Princeton University Unveils Strategic Planning Framework
Princeton University’s Board of Trustees has adopted a strategic planning framework that includes expanding the student body, building a new residential college, reinstating a transfer admissions program, and attracting more students from low-income families, among other initiatives.
The framework was adopted after two years of deliberations. “We believe the framework provides a clear reaffirmation of Princeton’s mission and its defining characteristics, and a compelling blueprint for building on and enhancing Princeton’s capacity to achieve the highest possible standards of teaching and research,” said Kathryn A. Hall, the chair of the board. “We look forward to working with President Eisgruber and other members of the University community to achieve the goals and priorities that we have articulated.”
The mission of the framework document is to reaffirm the University’s mission as a “residential research university committed to an expansive vision of the liberal arts” that encompasses the arts and humanities, the social sciences, the natural sciences, and engineering and the applied sciences.” Incorporated into it is a mission statement and a set of defining characteristics and aspirations; the mission statement calls upon the University to continue to advance “learning through scholarship, research, and teaching of unsurpassed quality, with an emphasis on undergraduate and doctoral education that is distinctive among the world’s great universities, and with a pervasive commitment to serve the nation and the world.”
Among the priorities are ensuring that all students on financial aid can attend without requiring loans, providing stipends to attract the best graduate students, and “stewarding and developing” buildings and grounds to preserve the University’s character and advance its educational and research mission. A plan for 125 more undergraduates per class, leading to a total of more than 500 on top of the existing 5,200, will be put into action, along with the construction of a seventh residential college.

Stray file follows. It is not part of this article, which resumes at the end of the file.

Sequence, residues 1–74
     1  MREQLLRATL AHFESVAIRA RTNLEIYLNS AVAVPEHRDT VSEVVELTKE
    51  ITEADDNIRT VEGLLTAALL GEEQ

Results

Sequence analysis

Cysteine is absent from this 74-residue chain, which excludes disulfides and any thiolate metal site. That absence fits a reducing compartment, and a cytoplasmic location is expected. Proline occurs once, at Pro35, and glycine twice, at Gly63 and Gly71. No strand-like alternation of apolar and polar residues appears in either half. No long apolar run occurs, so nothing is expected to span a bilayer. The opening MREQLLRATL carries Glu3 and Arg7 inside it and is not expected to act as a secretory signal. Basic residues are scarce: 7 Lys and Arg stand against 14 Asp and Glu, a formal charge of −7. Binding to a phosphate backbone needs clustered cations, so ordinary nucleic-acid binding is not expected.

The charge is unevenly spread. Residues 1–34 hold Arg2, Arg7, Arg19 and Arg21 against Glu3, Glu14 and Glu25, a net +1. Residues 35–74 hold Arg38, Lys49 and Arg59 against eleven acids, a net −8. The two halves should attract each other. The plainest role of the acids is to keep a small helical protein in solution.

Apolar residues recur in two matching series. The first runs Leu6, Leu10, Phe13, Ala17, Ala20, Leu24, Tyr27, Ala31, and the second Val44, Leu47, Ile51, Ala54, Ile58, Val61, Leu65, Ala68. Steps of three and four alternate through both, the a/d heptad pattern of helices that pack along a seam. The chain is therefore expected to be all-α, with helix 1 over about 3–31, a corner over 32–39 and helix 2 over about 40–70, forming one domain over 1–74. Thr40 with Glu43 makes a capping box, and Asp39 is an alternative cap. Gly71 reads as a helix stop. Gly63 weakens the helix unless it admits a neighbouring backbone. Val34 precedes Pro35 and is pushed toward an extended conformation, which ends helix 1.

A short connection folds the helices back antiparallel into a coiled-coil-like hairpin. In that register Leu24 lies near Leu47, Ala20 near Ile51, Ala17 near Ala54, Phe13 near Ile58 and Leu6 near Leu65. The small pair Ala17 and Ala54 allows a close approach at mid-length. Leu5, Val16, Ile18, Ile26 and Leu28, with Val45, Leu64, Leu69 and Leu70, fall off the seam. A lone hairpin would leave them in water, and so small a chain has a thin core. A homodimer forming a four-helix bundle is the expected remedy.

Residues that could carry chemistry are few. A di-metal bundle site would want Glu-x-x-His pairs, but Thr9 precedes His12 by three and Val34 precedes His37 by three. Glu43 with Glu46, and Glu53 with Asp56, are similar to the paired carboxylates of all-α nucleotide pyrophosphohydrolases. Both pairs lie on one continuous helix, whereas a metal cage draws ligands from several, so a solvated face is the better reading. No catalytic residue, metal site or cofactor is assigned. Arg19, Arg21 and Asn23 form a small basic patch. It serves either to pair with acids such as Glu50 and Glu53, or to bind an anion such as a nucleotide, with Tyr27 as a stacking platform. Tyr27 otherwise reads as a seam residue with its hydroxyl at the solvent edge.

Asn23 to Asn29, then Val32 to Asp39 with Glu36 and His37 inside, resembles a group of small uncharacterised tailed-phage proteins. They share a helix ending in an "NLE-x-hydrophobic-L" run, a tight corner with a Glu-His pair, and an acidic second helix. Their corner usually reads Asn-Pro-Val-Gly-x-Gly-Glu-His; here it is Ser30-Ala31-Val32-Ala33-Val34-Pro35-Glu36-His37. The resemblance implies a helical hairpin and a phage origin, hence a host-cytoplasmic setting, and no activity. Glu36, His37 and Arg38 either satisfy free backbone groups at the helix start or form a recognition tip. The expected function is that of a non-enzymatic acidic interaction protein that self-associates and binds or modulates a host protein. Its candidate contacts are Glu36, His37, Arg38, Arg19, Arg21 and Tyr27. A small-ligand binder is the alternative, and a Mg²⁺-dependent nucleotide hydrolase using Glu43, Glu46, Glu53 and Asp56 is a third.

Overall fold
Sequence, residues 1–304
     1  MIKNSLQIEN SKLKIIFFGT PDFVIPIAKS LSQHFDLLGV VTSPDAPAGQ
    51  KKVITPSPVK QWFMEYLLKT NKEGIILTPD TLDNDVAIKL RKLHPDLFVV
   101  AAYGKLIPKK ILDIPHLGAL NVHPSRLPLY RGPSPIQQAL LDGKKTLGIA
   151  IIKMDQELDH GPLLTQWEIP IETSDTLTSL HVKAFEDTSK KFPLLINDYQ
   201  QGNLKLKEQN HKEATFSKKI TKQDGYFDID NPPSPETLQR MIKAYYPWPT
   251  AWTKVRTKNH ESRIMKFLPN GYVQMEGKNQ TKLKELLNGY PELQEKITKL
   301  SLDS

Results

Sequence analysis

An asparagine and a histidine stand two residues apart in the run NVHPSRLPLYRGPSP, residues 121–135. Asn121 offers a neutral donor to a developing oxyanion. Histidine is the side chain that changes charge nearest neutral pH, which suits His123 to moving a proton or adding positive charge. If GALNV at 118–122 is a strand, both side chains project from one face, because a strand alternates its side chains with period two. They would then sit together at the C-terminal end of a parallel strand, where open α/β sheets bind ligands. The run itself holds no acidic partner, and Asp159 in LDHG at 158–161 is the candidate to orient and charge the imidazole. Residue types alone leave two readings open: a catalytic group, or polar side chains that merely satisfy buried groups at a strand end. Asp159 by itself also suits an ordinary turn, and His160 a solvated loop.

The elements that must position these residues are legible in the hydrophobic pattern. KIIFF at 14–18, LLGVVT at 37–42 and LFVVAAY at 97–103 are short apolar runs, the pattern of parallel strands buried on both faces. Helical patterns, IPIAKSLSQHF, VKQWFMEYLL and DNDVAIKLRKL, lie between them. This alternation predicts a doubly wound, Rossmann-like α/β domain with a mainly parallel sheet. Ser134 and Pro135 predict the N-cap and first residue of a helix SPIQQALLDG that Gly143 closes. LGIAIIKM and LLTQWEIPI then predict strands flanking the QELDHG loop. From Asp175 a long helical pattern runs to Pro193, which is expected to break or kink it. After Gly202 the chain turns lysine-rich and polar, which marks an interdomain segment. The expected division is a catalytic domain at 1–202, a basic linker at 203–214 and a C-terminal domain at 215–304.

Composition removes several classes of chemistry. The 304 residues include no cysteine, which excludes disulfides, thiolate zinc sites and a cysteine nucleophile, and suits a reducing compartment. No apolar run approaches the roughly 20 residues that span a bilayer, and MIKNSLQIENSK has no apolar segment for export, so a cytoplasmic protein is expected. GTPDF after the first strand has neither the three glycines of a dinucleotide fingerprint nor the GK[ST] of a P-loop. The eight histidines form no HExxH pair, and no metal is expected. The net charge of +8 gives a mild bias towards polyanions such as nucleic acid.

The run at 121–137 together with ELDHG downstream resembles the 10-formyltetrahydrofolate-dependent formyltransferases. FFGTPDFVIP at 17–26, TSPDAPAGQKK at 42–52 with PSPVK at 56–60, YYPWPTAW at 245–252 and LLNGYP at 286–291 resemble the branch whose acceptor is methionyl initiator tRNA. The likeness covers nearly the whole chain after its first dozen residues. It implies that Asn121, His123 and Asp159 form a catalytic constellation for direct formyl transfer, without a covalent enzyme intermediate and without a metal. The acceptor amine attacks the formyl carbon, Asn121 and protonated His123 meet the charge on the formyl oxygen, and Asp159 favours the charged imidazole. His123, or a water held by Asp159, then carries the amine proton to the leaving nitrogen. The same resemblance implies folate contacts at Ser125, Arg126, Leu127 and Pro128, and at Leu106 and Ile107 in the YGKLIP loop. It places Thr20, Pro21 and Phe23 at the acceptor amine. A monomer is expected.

Investment in new facilities to support programs in the School of Engineering and Applied Science, and expansion of the computer science faculty in the fields of statistics and machine learning, are also part of the framework. It points out that “to execute its mission successfully, Princeton must have the resources needed to attract talented faculty members who are leaders in their fields and students from a broad range of backgrounds and circumstances, and enable them to develop and use their abilities fully.”
The document also says that the University must be “able to grow its financial aid budget to ensure that every student it admits can afford to attend, while it must also be able to increase research and scholarly expenditures to ensure that faculty members have access to the equipment and archives that their work requires.” The framework concludes that Princeton should be “a liberal arts university for the 21st century” and must honor its commitment “to serve the nation and the world.”